Our Research Notes series invites authors to describe their research for a recent book, with “research” defined as broadly as they like. This week, Kathleen Rooney introduces us to Robinson Alone, her novel in poems recently published by Gold Wake Press.
My husband and fellow writer Martin Seay has a not particularly rigorously followed rule that he won’t read anything by anybody who wrote more than ten books — “because they have nothing to say. They’re just recycling material out of greed or some compulsion.”
Lucky for me, I fell in love with and based my latest book, the novel in poems Robinson Alone, on Weldon Kees, a minor literary figure with only three books of poetry, one story collection and one novel to his name. Equally lucky for me is that these books are all killer, no filler, so I was able to have more than enough material to contemplate and work with over the course of the ten years of on and off research, writing, and revising I did to complete the project.
It should be noted that part of the reason Kees’ literary output was relatively small is because his interests and talents were so wide ranging — he did admirable work in photography, was an Abstract Expressionist painter who showed in New York alongside such luminaries as Clyfford Still and Willem de Kooning, he dabbled in experimental film and recorded an album of jazz and blues songs — and because he disappeared forever at 44 years old.
Also, owing to his short and underappreciated life and oeuvre, the body of secondary material — writing on Kees and his writing — is relatively scant as well, but what there is is very good, particularly Vanished Act: The Life and Art of Weldon Kees, the 2003 biography by James Reidel. Also indispensable to me were Kees’ collected letters, published as Weldon Kees and the Midcentury Generation in 1986 by Robert E. Knoll; I was able to use lines from this book to create the 15 centos included in Robinson Alone.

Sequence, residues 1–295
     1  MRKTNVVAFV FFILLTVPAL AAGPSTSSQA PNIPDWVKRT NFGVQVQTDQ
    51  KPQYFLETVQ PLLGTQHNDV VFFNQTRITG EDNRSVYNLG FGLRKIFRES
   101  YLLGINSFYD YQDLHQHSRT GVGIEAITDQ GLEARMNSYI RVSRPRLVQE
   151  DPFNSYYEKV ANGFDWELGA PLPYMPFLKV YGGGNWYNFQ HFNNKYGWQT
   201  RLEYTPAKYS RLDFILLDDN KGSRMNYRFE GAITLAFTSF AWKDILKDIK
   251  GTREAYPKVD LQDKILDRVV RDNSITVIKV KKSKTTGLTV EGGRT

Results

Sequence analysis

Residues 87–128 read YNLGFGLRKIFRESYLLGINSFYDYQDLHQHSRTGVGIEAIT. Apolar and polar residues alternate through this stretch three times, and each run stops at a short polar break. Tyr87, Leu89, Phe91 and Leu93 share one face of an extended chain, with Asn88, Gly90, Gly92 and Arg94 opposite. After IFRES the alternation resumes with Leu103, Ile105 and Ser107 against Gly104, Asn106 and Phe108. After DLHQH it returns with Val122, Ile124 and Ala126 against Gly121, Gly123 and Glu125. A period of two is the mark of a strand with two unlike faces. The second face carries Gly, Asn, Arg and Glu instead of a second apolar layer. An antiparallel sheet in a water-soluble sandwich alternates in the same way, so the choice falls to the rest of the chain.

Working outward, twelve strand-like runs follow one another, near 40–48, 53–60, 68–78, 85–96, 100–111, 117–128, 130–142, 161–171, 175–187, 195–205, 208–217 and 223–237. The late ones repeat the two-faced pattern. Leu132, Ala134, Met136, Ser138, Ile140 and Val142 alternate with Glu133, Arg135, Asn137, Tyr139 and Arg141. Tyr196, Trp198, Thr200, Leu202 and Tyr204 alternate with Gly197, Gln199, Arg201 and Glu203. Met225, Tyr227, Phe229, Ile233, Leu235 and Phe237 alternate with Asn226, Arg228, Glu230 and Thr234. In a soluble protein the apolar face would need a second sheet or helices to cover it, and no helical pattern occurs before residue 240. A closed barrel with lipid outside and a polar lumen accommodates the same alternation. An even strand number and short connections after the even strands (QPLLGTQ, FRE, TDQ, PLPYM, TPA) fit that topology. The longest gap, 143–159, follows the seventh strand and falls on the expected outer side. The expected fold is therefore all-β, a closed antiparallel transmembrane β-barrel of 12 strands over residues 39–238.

In actual life, I saw the Kees archives at the University of Nebraska in Lincoln — it did not take long. And I went to New York City one winter and visited — or tried to visit; there was one I couldn’t find — all ten of the apartments he lived in when he was living there, before he left for the West Coast to try to start over. And of course I read a great deal about the 1930s, 40s and 50s and strove for the utmost historical accuracy.
But mostly I tried to access Kees by means of imaginative sympathy. It is easy to become not just an admirer of but an evangelist for a figure like Kees because he is so clearly brilliant and so clearly unjustly marginal. I hope that when people finish Robinson Alone, they are left with the feeling of wanting get their hands on everything that Kees himself produced.